On July 7th an explosion went off at the Centennial Olympic park in Atlanta, killing two and wounding others. A few days later, on the day Jason Moreland (the editor of Rise Above) returned from Florida, he was informed that the police would like to "talk with him about his publication." When Jason arrived at the police station he was told that there was a warrant out for his arrest and taken into custody - his mother fainted. The Clayton county police began investigating the magazine on July 8th (two months after it been released) when officer Peabody received a copy of the publication. However no arrest was made until after the explosion of the 27th with Jason being charged with advocating the overthrow of the Government of Georgia (O.C.G.A. 16-11-4), because of an obviously incorrect recipe for making moltov cocktails and a tiny graphic that depicted a person throwing a moltov at something the police felt resembled the capital building of Georgia.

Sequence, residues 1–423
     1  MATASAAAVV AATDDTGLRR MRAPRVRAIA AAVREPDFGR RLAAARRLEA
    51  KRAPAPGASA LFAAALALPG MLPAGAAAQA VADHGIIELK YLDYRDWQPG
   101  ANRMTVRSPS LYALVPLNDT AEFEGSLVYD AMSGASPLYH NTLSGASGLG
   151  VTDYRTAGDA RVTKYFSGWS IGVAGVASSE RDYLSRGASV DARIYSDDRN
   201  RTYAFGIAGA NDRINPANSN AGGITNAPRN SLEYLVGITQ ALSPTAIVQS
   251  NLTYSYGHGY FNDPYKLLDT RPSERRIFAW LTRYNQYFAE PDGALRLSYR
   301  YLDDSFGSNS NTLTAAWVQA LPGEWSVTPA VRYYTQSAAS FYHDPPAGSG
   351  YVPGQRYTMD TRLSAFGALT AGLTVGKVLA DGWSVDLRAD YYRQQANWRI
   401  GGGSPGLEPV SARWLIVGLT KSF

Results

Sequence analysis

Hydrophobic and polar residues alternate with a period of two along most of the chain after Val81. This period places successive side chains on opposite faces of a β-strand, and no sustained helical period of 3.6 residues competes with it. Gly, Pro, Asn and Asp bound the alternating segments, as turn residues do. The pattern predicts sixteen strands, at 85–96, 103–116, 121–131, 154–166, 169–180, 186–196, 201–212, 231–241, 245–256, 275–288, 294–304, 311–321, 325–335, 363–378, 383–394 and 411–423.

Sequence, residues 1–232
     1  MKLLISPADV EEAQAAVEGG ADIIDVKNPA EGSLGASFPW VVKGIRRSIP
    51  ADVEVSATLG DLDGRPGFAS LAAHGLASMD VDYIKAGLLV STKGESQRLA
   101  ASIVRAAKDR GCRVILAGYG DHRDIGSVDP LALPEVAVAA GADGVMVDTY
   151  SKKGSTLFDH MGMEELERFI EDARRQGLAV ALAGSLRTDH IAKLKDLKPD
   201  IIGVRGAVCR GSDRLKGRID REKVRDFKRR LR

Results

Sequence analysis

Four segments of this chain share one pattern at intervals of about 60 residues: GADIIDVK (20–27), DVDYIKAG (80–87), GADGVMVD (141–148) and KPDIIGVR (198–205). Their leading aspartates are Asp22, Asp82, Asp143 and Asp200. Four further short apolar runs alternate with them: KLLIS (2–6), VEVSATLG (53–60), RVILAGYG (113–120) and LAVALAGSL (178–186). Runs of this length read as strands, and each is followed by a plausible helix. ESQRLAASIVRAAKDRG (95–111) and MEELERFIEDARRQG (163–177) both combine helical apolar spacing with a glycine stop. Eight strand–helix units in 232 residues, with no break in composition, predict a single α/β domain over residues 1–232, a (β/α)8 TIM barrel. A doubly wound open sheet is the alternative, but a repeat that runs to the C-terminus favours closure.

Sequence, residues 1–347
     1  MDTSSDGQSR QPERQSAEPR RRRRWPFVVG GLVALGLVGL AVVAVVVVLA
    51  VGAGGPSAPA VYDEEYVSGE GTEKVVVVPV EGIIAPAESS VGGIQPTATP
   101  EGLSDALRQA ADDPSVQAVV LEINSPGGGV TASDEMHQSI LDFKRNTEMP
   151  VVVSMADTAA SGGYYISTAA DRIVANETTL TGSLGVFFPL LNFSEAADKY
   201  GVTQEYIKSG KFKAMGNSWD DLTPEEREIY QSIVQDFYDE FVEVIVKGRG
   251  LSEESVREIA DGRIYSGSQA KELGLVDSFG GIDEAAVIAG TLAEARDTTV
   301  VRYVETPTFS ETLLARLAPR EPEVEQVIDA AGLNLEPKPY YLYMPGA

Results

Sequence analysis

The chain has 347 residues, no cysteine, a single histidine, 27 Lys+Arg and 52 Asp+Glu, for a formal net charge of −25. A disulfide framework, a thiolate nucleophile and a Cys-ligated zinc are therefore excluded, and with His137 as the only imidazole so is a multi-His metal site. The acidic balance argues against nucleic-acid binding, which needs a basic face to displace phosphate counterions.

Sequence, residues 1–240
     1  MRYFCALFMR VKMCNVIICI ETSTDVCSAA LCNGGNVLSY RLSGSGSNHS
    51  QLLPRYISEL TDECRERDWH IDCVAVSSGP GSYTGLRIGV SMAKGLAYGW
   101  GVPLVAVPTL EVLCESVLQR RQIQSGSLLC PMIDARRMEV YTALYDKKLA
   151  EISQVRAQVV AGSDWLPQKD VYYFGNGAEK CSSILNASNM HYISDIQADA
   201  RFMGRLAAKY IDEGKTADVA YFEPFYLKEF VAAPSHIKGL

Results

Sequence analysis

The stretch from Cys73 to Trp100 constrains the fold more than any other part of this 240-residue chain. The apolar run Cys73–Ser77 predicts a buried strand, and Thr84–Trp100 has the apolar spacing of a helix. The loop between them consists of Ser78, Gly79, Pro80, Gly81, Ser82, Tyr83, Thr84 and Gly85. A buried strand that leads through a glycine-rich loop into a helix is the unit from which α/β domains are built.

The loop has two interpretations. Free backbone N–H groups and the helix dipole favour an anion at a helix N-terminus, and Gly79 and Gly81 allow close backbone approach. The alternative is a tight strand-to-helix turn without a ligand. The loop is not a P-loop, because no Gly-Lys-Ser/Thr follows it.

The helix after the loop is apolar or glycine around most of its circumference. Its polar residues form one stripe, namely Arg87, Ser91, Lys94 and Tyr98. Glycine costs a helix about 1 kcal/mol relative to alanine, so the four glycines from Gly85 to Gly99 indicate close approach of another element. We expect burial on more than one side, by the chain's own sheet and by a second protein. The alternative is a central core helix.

During Jason's questioning the authorities asked him about his beliefs, his publication, read him a list of names (to see which he recognized), and about the bombing at the park. At this time he did not have a lawyer present. He spent a week in jail and his bond was set at $50,000 then later lowered to $25,000. He is now awaiting trial and is faced with a $20,000 fine and a possible 20 years in jail; all for recycling other people's work and expressing his fears and hopes for the world in which he lives.